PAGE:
I mean, it’s still very new for me to shoot action movies. I honestly feel that after "Avatar" I became like a beast for action. I’m so hungry for it and I want to do all my stunts. I’m all bruised up and everything. I’m still at that phase where I want to do everything myself and get beaten up.
You were wielding guns in the scene we saw. Was there a lot of gun training involved in preparing for this role?
Yes, gun training, a lot of physical training too. I had to gain a couple of pounds so that I was going to be able to hold those weapons for more than eight hours a day. They’re pretty heavy. I don’t know what it is, but I love that kind of shit. I really love it when I’m pushed physically and it’s not just a mental research of what a character’s supposed to do.
Thank God, because of my athletic background I’ve been able to be thrown across the room and do all my kicks and everything. But let me tell you, it’s only like my third action movie, so I’m pretty sure that five years from now I might not be saying or doing the same thing. I’ll be like, "I’ll just let the stunt person do it," you know? But so far, it’s very exciting.
It’s like sky diving - they say do it once, while you’re young.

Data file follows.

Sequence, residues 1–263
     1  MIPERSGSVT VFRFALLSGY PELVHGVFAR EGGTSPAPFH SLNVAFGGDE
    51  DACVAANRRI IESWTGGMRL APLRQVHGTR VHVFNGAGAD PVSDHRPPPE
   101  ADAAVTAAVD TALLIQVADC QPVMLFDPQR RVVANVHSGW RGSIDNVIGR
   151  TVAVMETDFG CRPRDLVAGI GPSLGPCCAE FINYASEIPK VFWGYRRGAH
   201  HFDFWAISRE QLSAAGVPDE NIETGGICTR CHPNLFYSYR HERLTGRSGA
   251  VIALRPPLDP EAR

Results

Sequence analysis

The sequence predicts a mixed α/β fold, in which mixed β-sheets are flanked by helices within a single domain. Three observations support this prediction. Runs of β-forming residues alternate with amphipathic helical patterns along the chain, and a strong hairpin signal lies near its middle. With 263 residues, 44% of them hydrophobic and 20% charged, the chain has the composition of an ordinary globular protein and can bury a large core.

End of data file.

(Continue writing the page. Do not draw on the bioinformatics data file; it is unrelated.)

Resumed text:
I like to think that I’m still young. Hips aren’t hurting, knees are fine, they’re not swelling, so let’s just do it. But it was a lot of fun, to be able to jump into my role and not just drop her and have somebody else pick up. Even though the stunt people are doing a marvelous job, if I could do it, why should I let somebody else finish it when I can do it myself.
What has you most excited about going back to "Star Trek?"
Well, there're perks. Besides the financial perks of signing onto films that turn into franchises is that you get to work with the actors and the directors all over again. Sometimes I almost feel like a three month experience for something that will last forever is not fair for the actor. Because what you guys get to watch, that’s for you. The part of shooting the movie, that’s for me. I take all those memories and that experience with me. And to get to go back to "Star Trek" and see Chris [Pine's] baby blue eyes and get to kiss Spock, Zachory [Quinto], and to work with J.J. [Abrams]. I couldn’t have been in a better environment, from the writers to the producers...to get to relive that experience in another adventure in space. I’m not looking forward to the dress, though. It just means I have to hit the gym two months before we start shooting, so I’m not looking forward to that.
"The Losers" opens April 23, 2010.